The dataclass returned is never used, but it's just checked to see if the command is valid. Now that it is, the Listener dataclass can be used to pass the information into the class, like so:

listener: Listener = Listener(random_string(), split[0], split[1], split[2], split[3])

Where the dataclass is:

class Listener:
    """Dataclass to hold the listener info"""

    # name
    name: str
    # listener address
    address: str

    # port
    port: int

    # uri
    uri: str

    # password
    password: str

This is then appended to a global list:

# add the listener to the list

This is obviously not persistent. Realistically, this should be a database which is checked and restored if the server is restarted:

Next, the dataclass is used as an argument for a thread:

# start a thread pointing at the start_server function
    thread = threading.Thread(target=start_server, args=(listener,))
    thread.daemon = True
    logger.good(f'Started: [{}] http://{listener.address}:{listener.port}{listener.uri} ({listener.password})')
except Exception as e:
    logger.bad(f'Failed to start listener: {str(e)}')


This creates a thread on the start_server() function which registers the endpoint specified with the flask app using add_url_rule:

def start_server(listener: Listener) -> bool:
    """callback function to start a server"""
    # add the uri
    app.add_url_rule(listener.uri, view_func=comms)

    # start the app
    try:, port=listener.port, debug=False, threaded=True)
        return True
        return False

This completes the listener creation:

This can be validated by running:

curl -s "" -H "X-Maelstrom: password"|xxd|head

Which produces:

So, how does the implant communicate with this?


As we've said, we aren't implementing anything to make this C2 useful; therefore we are leaving this component out. But, we still want to discuss it. The help menu for Maelstrom has a positional argument meaning that actual file needs to be ran again with the payload switch. This doesnt really comply with best practices for user experience, and a better work flow would be to do it from within the C2. For example, as a Web App, it's easy. Use something like a modal, like we did in Vulpes. Or, popups like Cobalt Strike. If it's a CLI, then maybe some form of interactive prompt inside the C2 which works as a command as we showed previously.

When it comes to automating the payload generation, we found the easiest way was to progrmatically create a Makefile and copy/paste all the source code files into /tmp, execute the Makefile with something like:

if os.system(f"make -f {make_file_path} dll 2>/dev/null 1>&2") == 0:

Which will compile with MinGW-w64, then move the compiled implant and remove the temporary directory.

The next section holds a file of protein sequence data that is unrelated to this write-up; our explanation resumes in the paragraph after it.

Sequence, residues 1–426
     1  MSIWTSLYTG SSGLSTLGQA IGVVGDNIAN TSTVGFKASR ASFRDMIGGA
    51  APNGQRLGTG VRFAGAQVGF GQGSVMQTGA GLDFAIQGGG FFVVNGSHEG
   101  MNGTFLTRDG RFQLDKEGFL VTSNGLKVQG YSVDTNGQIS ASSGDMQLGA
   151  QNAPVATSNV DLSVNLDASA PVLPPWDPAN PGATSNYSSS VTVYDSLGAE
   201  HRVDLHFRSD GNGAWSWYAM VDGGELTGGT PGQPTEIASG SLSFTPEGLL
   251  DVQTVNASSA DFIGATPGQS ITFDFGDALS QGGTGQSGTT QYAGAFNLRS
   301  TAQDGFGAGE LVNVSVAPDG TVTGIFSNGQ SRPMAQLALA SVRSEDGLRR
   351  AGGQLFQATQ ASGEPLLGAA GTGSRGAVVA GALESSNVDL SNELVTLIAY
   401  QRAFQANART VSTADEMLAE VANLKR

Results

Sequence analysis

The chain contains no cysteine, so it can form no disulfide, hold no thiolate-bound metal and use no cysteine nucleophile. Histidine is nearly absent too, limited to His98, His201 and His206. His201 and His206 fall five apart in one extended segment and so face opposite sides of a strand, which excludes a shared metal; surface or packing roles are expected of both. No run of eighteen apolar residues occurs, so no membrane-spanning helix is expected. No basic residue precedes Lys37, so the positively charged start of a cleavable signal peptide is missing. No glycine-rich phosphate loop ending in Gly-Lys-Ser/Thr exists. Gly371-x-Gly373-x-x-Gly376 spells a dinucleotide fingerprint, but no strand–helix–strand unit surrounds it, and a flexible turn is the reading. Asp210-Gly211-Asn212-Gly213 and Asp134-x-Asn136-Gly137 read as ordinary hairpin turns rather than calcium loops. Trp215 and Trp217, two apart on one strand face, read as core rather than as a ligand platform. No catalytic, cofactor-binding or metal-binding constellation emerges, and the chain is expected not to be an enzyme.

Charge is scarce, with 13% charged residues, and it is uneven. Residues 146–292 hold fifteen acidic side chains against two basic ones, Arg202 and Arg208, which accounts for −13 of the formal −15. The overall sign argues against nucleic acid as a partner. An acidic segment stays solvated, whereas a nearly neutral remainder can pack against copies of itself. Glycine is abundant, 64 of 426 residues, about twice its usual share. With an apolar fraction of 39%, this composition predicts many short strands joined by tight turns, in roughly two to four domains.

More on what to consider for payload generation in the next blog post.

Implant Communication

At this point in the post, we have a up and running team server which can create a listener. Now we need to look at what the endpoints actually do with incoming traffic to:

  • Determine if it's an implant

  • If it is, allow the implant to communicate

Handling HTTP Requests

Earlier in the post, we showed the listener being started as a new app, like so:, port=listener.port, debug=False, threaded=True)

In a typical Flask fashion, app is defined globally:

app = Flask(__name__)

And one function on / is created to handle all requests. We could start an endpoint for each type, but we found it easier to listen at the root, and filter down with logic. This allows us to log ALL requests, whilst meticulously filtering requests by their expected values.

The route:

@app.route('/', methods=["GET"])
def comms() -> Response:

Lets run through what happens inside this route. In the previous section, we created an endpoint on /a, so we will use that example.

First thing that happens here is that a bunch of information is pulled from the request object, things that we may or may not use:

user_agent = request.environ["HTTP_USER_AGENT"]
verb = request.environ["REQUEST_METHOD"]
uri = request.environ["RAW_URI"]
remote_addr = request.environ["REMOTE_ADDR"]
remote_port = request.environ["REMOTE_PORT"]
server_name = request.environ["SERVER_NAME"]
server_port = request.environ["SERVER_PORT"]
url = request.url
header = request.headers.get('X-Maelstrom')

Note the request.headers.get call. This is one of the hard-coded values sent between the client and server.

This information is then passed to the is_valid_listener function:

if not is_valid_listener(listeners, uri, server_name, server_port, header): return response

This just ensures that the dataclass information matches up to the request by ensuring that the URI, Server Address, Server Port, and Header are all correct:

def is_valid_listener(listeners: list, uri: str, server_name: str, server_port: str, header) -> bool:
    """ensure that the request is valid for the endpoints."""
    for listener in listeners:
        # The 'in' here is important. This is what allows for the rest of the uri to be valid. I.E: /a?aaaaa would work.
        if listener.uri in uri and listener.address == server_name and str(listener.port) == server_port and listener.password == header:
            return True
    return False

This is an extremely primitive example of ensuring the request is as intended...

If it is valid, then the next chunk of code determines which type of request this is:

switch: str = ''

# if no data is passed
if len( == 0:
    # check if the uri contains ?stage
    if check_uri_for_stage(uri):
        # if it does, set 'switch' to 'stage'
        switch = 'stage'